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American Originals – Plant Developments America Shared with the World

On Friday, September 6 at 7 p.m., Barbara Melera of Harvesting History will speak at the Greater Milford Historical Association, North Main Street (St Rt 28), in Milford. Her talk, American Originals, will focus on native plants and the extraordinary plant developments that America has shared with the world. Little research has been done to organize and detail the important contributions America has made to the horticultural splendor of our planet. 
 
The event is free and open to the public, and is co-sponsored by the Greater Milford Historical Association and the Otsego Master Gardeners. The evening includes the reopening of the David Sayre House garden, fiddle music, and refreshments in the Sayre House. If you love history and have an interest in or passion for gardening/horticulture, this is an evening not to miss.
 
Since Columbus arrived in the Caribbean, the American continents have been introducing the world to some of the most dramatic, beautiful, and delicious plants – flowers, fruits, vegetables, and herbs – the world has ever known. The European explorers may have come looking for gold and precious gems, but what they discovered was horticultural gold and the gems of the plant kingdom that would forever enrich the lives of every living thing on this planet.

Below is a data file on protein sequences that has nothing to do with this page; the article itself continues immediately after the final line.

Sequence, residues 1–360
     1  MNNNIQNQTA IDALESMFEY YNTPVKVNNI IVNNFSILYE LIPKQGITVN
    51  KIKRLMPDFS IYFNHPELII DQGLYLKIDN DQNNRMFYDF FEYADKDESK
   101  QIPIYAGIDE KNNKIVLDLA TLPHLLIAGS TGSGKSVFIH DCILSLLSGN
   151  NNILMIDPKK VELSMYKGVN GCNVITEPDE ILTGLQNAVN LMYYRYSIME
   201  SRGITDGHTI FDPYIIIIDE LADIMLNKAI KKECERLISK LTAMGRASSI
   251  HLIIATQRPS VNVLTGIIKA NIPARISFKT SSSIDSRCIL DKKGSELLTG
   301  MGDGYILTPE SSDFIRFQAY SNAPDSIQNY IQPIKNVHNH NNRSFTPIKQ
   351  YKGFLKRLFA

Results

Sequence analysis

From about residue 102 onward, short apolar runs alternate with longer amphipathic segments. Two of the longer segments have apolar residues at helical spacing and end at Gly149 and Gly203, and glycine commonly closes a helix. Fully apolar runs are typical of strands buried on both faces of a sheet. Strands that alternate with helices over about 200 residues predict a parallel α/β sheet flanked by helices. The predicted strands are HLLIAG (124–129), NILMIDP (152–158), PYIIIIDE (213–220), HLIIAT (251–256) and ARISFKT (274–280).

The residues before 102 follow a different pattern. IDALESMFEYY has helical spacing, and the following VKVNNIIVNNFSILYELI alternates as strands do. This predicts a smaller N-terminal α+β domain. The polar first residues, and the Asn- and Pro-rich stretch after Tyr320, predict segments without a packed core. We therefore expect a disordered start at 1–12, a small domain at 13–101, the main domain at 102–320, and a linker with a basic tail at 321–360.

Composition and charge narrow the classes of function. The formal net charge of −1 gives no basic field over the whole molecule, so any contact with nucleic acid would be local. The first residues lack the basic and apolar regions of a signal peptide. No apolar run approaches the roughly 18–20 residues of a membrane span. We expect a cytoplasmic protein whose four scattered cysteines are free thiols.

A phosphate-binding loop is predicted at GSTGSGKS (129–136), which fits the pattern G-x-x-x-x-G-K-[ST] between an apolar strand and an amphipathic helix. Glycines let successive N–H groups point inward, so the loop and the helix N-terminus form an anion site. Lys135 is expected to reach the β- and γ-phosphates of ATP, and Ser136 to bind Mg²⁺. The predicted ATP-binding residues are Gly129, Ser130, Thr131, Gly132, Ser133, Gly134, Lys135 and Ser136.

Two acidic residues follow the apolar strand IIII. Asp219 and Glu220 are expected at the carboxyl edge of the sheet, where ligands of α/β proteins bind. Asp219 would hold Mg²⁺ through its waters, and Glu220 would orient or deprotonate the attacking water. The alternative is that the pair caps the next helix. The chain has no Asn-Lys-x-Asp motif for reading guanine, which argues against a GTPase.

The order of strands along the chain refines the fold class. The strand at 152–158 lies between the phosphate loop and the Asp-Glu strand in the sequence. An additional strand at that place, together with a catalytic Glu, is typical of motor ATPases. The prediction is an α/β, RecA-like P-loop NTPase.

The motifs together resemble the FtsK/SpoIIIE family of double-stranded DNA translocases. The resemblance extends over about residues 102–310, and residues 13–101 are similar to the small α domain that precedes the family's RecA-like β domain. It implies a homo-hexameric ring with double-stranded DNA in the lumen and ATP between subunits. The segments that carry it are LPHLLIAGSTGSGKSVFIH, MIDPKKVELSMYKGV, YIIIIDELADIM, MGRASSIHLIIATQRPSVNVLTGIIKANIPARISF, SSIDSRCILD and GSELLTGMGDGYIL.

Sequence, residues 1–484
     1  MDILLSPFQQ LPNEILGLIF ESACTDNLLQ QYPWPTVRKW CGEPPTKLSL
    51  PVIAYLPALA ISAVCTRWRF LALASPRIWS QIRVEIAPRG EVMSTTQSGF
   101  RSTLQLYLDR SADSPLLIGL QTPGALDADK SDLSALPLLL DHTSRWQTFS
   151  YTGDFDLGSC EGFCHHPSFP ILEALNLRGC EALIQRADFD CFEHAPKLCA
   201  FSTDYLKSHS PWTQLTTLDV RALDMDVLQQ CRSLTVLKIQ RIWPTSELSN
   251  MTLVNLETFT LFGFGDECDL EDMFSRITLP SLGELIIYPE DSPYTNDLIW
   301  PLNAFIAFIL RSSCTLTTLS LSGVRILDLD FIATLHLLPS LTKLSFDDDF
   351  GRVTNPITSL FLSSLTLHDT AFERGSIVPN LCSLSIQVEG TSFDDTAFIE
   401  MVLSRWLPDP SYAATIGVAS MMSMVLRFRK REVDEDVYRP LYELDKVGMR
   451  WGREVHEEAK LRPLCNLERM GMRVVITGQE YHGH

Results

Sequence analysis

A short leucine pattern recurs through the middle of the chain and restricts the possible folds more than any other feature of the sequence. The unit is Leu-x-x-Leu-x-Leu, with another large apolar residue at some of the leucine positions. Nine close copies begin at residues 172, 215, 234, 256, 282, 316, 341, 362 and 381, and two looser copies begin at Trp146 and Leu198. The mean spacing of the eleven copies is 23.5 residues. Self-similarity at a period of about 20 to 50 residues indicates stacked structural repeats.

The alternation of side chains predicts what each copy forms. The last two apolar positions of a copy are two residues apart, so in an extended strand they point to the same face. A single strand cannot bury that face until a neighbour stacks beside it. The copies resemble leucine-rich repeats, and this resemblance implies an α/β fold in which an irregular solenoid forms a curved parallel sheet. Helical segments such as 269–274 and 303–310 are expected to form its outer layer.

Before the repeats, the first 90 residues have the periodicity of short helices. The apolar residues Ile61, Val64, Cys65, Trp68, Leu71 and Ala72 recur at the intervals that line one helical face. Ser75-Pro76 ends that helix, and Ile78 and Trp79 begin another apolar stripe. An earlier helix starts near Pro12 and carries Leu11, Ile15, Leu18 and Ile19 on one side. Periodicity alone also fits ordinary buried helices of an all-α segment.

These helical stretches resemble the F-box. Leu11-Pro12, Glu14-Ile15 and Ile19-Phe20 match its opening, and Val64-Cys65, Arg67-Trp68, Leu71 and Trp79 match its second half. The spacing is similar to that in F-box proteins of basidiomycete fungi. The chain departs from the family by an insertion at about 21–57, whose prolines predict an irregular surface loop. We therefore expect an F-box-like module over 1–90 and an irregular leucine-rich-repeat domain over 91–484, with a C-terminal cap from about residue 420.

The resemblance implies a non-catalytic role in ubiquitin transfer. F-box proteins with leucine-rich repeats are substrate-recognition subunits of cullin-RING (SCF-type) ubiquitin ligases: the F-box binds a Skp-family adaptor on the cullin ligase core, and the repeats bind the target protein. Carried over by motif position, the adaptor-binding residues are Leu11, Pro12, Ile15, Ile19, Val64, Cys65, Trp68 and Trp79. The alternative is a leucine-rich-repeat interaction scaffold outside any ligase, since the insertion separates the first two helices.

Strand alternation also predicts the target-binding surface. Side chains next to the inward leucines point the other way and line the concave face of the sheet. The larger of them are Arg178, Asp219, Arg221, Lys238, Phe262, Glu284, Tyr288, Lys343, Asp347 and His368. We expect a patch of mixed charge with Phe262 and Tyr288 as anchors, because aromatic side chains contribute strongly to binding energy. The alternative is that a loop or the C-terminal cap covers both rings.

In this talk you will learn: (i) a few of the indigenous American plant species that have become important horticultural assets in the gardens around the world; (ii) three of the most significant American plant developments affecting the lives and/or gardens of all the people of this planet; and (iii) the little-known story of the unique role that American horticulture played in the founding of the United States of America.
 
Barbara Plantholt Melera is president of Harvesting History, a new horticultural company founded in 2016 specializing in horticultural and agricultural products featuring largely heirloom and open-pollinated varieties. For 13 years, Ms. Melera was president and CEO of The D. Landreth Seed Company, the oldest seedhouse in America, established in 1784, and the fourth oldest US corporation. Prior to that, she was a Director of more than twenty firms in the software, computer, telecommunication, environmental, healthcare, biotech, and agri-science industries. She holds undergraduate and graduate degrees from M.I.T.
 
For further information, call 607-547-2536 (x0), or e-mail otsego@cornell.eduVisit our website at http://cceschoharie-otsego.org, or find us at www.facebook.com/CCESchoharieOtsegoMG.
 
Master Gardener Volunteers serve as a link between residents and the nation’s cooperative extension system, an outreach of land grant universities. For further information, call the Master Gardener Volunteer office at 607-547-2536 x 228 or visit http://cceschoharie-otsego.org/gardeningCornell Cooperative Extension is an employer and educator recognized for valuing AA/EEO, Protected Veterans, and Individuals with Disabilities and provides equal program and employment opportunities. Accommodations for persons with special needs may be requested by contacting Cornell Cooperative Extension Schoharie and Otsego Counties prior to the program.

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